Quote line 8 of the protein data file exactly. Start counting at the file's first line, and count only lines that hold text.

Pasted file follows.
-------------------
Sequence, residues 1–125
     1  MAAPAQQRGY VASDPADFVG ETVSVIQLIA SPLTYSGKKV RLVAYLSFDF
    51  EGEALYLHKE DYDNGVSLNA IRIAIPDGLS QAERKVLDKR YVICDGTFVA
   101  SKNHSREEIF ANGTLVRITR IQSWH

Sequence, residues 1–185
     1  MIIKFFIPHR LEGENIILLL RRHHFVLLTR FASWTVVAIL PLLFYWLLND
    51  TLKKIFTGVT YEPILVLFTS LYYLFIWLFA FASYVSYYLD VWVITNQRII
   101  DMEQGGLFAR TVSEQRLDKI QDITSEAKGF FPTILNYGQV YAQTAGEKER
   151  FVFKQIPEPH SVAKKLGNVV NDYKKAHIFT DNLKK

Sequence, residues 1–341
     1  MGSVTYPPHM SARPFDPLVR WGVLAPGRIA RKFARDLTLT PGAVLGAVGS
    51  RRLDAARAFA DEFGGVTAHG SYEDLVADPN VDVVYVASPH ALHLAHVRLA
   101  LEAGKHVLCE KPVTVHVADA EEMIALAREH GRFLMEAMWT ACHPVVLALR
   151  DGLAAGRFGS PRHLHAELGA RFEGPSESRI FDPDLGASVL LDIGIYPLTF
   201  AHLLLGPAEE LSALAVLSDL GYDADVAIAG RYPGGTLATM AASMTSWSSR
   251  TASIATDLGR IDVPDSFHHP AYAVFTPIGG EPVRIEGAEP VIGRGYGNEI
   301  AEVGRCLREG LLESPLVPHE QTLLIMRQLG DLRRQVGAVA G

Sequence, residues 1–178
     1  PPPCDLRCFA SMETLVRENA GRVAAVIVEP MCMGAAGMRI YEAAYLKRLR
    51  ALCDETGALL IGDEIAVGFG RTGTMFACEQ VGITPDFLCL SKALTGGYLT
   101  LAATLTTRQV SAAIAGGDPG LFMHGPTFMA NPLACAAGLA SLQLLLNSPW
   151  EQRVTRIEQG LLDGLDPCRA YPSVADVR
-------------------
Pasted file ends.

   101  DMEQGGLFAR TVSEQRLDKI QDITSEAKGF FPTILNYGQV YAQTAGEKER